This was an appeal out of Dauphin County.  Jonathan Tyrrel was convicted and sentenced to 50 to 100 years’ imprisonment on charges of raping his then eight-year-old daughter.

On appeal, Tyrrell raised three issues.  The first issue challenged a statement he gave to police.  Tyrrell said that his statement was involuntary—it was taken from him as a result of police threats that they would arrest his wife if he did not cooperate.

The second issue dealt with a state law that permitted the taking of a child’s testimony and presenting it by television rather than in a courtroom setting.  This issues consumed a bulk of the Court’s opinion.

And lastly, the third issue dealt with the concept of “taint.”  Taint is a short hand way of describing “the implantation of false memories or distortion of actual memories through improper or suggestive interview techniques.”

In this appeal, the Superior Court found that none of these issues provided Tyrrell relief.  Briefly, the Superior Court agreed that there was no merit to Tyrrell’s claim that his statement to police was involuntary. “It [was] hard to fathom that someone who was so worked up about his wife after such a threat . . . would take more than two hours to finally admit that perhaps an accident occurred . . . .”  And likewise, with the taint issue, the Superior Court dismissed this issue rather quickly.  There was no evidence that Tyrrell’s daughter was tainted, or subjected to “repetitive, suggestive, or coercive interview techniques.”

It was the second issue, again, that the Superior Court exerted most of its energy on.  This issue required the interpretation of a state law that permits a trial judge to order the testimony of a child victim or child material witness be taken in a room other than the courtroom but be “transmitted by a contemporaneous alternative method.”  In order to allow this, the law says, the trial judge must determine that the child’s testimony in open court or in the defendant’s presence “will result in . . . suffering serious emotional distress that would substantially impair the . . . ability to reasonably communicate.”  In making this determination the law reads that the trial judge may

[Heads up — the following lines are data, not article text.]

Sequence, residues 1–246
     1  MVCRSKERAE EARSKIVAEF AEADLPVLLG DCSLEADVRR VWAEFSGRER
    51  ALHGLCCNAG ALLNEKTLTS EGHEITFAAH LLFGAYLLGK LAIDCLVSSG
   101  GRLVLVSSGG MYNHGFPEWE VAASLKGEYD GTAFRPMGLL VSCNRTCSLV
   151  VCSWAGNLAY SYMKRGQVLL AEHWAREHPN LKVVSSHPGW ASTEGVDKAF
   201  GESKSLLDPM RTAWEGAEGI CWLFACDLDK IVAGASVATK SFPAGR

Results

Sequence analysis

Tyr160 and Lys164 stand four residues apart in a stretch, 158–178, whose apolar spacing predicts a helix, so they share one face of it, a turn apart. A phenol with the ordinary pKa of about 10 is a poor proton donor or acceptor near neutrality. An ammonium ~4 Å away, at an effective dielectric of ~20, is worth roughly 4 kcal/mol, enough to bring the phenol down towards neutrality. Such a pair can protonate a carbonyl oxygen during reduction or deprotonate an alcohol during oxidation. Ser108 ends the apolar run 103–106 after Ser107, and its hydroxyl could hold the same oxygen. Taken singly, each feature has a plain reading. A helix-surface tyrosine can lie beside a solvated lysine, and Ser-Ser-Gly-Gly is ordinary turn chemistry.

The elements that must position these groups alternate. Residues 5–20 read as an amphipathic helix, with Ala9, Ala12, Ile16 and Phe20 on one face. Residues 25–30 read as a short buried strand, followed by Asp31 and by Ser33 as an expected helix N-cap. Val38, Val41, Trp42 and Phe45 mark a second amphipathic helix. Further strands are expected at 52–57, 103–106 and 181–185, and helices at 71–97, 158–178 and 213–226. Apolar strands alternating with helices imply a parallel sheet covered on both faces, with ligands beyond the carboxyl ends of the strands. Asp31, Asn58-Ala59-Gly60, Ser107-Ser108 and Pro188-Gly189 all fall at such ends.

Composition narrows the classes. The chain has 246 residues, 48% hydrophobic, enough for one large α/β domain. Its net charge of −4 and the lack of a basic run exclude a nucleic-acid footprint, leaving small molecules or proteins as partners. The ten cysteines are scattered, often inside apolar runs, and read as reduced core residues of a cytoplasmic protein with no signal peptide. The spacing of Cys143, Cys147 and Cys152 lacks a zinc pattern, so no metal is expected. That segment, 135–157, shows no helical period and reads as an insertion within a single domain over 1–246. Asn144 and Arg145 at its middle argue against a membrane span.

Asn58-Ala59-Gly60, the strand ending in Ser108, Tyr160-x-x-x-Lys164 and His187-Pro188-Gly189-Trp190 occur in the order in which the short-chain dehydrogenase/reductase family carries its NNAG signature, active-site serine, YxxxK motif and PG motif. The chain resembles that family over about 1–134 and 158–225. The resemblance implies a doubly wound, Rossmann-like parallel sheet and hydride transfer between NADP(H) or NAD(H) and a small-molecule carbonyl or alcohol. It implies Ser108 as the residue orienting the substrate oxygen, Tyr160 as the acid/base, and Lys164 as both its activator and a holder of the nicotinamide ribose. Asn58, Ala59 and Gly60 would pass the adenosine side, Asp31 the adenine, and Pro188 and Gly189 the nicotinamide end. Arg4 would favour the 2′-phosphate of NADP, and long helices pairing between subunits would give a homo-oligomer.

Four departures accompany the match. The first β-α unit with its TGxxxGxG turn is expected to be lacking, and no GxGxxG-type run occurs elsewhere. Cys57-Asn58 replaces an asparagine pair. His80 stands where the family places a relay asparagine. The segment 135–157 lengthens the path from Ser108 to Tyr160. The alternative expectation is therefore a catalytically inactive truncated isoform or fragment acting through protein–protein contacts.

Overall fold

Hear testimony of a parent or custodian or any other person, such as a person who has dealt with the child victim or child material witness in a medical or therapeutic setting.

In this case, when the trial judge permitted Tyrrell’s daughter to testify outside the courtroom, the court relied upon the testimony of a “licensed professional counselor” and a CYS worker, both who essentially testified that testifying in court for Tyrrell’s daughter would be “traumatic” and something “she’s really just not in a place for.”

Recognizing that there have been few occasions to interpret the law at issue, the Superior Court held, contrary to Tyrrell’s thinking, that the law “does not require testimony from the proposed witness or the witness’ current counselor,” “[n]or does it require testimony from a parent/foster parent or an expert witness.”

Interestingly, the Superior Court provided no discussion, however, of what it meant to have “dealt” with a child “in a medical or therapeutic setting.”  That is likely to be a question resolved for another day.